Hormel Foods Corp.’s executives took a hard look at its sales division’s bench in 2007 and realized that a huge chunk of baby boomer managers were about to retire.
To ensure enough managers were ready to step into more senior leadership roles, Hormel’s institutional and retail sales divisions collaborated with Harvard Business Publishing to develop a leadership and management program for its veteran sales managers.
“In our division, we recognized that over the next five to eight years, we’re going to have quite a few retirements,” said Mark Ourada, vice president of food service sales, the institutional sales arm of the Austin, Minnesota, company.
Hormel is not alone. Companies across all industries, as well as nonprofits and governmental agencies are facing a leadership shortage, as members of the largest generation in U.S. history retire in droves, with fewer people available in subsequent generations to replace them.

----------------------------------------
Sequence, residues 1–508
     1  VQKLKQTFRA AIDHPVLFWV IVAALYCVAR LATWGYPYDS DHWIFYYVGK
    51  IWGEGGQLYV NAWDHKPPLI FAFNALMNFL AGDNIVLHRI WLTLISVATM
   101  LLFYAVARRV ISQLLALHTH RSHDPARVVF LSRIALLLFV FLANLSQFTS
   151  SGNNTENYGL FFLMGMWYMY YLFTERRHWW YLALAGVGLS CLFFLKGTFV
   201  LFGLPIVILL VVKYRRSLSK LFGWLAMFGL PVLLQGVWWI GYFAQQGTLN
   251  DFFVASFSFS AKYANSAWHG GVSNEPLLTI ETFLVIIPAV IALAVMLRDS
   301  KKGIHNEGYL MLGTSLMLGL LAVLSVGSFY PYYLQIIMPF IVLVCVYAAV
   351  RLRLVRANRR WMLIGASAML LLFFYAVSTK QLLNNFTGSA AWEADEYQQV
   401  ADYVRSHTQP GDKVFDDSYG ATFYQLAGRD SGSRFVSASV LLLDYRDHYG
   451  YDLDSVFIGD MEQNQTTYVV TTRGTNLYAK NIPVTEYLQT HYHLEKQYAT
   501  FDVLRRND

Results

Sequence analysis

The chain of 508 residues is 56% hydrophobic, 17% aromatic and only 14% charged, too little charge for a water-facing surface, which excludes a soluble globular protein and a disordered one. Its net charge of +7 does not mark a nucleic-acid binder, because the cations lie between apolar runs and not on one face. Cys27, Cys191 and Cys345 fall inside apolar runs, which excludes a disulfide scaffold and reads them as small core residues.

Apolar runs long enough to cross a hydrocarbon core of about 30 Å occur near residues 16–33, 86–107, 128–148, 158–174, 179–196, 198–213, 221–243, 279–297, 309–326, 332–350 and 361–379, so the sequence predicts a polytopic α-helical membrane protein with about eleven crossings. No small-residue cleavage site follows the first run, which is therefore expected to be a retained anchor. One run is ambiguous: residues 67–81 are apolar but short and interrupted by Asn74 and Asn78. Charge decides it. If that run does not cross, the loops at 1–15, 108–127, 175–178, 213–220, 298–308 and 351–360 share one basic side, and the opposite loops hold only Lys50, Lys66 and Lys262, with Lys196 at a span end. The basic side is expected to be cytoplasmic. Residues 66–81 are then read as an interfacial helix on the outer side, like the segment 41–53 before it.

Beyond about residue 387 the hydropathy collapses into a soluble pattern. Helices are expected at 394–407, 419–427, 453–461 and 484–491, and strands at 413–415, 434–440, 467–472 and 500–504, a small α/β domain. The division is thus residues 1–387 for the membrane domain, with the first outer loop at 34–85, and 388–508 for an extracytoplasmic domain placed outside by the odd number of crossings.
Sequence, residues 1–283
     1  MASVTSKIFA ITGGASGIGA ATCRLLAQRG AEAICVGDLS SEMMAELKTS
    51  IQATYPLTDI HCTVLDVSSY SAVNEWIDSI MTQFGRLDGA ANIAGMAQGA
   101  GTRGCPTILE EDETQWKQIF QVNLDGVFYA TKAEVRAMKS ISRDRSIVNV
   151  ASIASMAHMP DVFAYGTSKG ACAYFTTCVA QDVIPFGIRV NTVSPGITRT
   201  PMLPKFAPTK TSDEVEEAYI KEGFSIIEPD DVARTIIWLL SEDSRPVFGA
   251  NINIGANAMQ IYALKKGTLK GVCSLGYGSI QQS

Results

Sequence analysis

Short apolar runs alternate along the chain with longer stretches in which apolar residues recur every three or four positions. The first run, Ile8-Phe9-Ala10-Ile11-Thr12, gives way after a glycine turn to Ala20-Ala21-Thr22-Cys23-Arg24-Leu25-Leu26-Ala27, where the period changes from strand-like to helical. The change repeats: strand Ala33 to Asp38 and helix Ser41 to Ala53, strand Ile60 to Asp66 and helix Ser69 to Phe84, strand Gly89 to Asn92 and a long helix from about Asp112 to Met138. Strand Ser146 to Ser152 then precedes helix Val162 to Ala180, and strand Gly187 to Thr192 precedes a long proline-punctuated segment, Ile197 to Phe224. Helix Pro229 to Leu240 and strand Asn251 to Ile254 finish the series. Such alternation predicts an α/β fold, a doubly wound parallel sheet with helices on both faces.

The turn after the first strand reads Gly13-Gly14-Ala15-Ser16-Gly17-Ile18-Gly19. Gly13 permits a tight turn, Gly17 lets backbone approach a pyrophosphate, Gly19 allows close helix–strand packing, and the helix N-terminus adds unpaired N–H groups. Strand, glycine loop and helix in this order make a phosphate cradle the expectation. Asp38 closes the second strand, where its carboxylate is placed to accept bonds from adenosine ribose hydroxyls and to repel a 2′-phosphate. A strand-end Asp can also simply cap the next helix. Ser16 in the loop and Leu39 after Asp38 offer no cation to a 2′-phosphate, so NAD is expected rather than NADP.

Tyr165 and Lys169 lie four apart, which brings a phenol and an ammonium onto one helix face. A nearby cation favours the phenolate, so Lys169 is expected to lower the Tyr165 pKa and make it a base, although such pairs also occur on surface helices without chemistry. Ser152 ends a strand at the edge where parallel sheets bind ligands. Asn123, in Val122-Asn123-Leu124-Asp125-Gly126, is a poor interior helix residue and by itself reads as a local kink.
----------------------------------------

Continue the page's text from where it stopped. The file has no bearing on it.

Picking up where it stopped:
According to the U.S. Census Bureau, nearly 80 million Americans were born between 1946 and 1964, and the first of the baby boomers turned 65 in 2011, with the last to reach retirement age in 2029. In contrast, Gen X, or the “Baby Bust” generation born between 1965 and 1981, has roughly 49 million people, and employers are scrambling to make up the difference.
As such, more organizations are now incorporating leadership development programs into their succession plans.Some are also augmenting those with accelerated development programs for early-career, high-potential employees to better compete for talent to come in the younger generations — including Gen Z, or post-millennials, born after 2001. Employers are competing for the best among them with emerging leader programs.
In 2007, Hormel’s food service sales division launched an ongoing Management and Leadership Development Program for its veteran sales and marketing managers, and in 2013, launched a pilot Emerging Leader Program for early career high potentials, in conjunction with Harvard Business Publishing.
The Management and Leadership Development Program filled a development gap within the division, as existing training focused mainly on the first five years, even though the average tenure in sales positions is 10 years, said Michelle Humes, Harvard’s senior learning solutions manager.